Rick meets John Isidore on the roof of his building where he is releasing the spider into a patch of weeds. Rick then goes into the building to retire the androids. As he goes through the building he has an encounter with Mercer, who tells him that what he has to do must be done. At that time a girl that looks just like Rachael Rosen runs towards him and Rick realizes that, because she looks just like Rachael, she is there to illicit an empathetic response in him, giving the other androids time to kill him. He fires his laser and kills Pris Stratton.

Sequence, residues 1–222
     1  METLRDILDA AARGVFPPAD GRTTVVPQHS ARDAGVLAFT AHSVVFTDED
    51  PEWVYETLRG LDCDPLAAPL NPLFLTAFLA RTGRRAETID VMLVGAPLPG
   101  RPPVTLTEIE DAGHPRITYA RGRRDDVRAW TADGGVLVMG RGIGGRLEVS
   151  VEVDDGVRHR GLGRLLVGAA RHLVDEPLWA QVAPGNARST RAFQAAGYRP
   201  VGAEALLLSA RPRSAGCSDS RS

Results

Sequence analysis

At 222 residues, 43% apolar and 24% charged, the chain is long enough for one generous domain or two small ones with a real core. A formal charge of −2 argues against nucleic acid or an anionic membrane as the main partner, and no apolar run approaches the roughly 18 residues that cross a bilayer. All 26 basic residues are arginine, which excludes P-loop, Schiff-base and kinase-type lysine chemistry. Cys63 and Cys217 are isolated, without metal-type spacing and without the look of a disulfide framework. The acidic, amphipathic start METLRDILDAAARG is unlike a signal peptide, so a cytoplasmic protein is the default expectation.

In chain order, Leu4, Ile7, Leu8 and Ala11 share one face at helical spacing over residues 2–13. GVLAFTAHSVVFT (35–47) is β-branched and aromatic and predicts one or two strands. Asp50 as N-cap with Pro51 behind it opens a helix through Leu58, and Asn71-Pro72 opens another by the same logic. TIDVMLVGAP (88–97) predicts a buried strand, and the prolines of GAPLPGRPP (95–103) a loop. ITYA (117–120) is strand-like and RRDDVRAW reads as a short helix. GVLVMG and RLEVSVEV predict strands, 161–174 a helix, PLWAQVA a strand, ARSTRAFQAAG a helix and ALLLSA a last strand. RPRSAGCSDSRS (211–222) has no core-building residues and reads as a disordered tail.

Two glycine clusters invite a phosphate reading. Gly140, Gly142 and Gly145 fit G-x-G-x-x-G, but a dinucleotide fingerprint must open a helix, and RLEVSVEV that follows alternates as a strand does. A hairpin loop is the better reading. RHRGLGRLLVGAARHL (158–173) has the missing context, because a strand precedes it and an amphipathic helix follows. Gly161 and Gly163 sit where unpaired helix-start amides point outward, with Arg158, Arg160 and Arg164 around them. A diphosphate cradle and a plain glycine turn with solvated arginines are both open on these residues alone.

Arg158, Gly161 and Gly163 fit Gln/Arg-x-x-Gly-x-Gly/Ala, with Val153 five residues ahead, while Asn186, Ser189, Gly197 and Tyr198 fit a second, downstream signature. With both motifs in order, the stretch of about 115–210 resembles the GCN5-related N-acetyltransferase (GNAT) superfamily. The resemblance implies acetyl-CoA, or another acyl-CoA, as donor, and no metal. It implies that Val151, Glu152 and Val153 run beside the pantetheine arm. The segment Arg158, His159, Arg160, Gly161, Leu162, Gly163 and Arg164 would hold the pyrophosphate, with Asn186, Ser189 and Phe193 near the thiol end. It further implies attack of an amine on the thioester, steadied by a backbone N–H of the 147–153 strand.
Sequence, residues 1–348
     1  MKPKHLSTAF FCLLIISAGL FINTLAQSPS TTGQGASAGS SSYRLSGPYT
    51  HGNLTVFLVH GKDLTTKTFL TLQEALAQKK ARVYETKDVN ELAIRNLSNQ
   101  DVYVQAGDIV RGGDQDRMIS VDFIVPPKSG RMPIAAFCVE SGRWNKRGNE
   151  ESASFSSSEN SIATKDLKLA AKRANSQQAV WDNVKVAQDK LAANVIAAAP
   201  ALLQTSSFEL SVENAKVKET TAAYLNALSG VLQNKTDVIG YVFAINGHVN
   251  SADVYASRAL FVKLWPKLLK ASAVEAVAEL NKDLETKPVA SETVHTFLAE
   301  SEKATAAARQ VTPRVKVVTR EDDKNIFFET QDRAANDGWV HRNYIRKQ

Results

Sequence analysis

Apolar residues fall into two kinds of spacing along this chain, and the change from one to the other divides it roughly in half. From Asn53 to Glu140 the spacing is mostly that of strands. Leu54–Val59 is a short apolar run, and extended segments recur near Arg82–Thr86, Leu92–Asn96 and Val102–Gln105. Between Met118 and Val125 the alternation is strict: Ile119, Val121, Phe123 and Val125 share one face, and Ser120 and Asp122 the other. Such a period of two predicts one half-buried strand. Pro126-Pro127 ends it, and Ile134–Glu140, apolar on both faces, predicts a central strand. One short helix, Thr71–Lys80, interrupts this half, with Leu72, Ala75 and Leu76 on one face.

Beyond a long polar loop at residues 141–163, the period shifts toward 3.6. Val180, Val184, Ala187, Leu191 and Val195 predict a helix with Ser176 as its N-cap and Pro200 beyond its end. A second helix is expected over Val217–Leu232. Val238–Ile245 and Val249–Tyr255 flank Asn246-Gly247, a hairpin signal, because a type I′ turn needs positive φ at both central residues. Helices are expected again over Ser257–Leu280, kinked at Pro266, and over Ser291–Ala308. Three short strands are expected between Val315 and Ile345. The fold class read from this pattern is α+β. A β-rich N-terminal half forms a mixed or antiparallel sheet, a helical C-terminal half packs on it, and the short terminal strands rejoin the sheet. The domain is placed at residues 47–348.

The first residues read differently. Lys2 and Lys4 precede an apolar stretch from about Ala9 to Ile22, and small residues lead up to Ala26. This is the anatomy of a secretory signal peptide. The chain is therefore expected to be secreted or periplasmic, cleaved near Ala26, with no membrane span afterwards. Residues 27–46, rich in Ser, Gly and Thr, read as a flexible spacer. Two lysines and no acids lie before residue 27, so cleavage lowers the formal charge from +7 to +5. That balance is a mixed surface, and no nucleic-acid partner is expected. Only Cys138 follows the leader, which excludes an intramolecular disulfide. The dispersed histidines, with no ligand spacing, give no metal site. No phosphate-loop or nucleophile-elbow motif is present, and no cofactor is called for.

In a departure from the tendency among most critics to examine the novel in relation to other texts by Dick, Klaus Benesch  examined Do Androids Dream of Electric Sheep? primarily in connection with Lacan's essay on the mirror stage. There, Lacan claims that the formation and reassurance of the self depends on the construction of an Other through imagery, beginning with a double as seen in the mirror. The androids, Benesch argues, perform a doubling function similar to the mirror image of the self, but they do this on a social, not individual, scale. Therefore, human anxiety about androids expresses uncertainty about human identity and society. Benesch draws on Kathleen Woodward's  emphasis on the body to illustrate the shape of human anxiety about an android Other . The debate over distinctions between human and machine, Woodward asserts, usually fail to acknowledge the presence of the body. "If machines are invariably contrived as technological prostheses that are designed to amplify the physical faculties of the body, they are also built, according to this logic, to outdo, to surpass the human in the sphere of physicality altogether".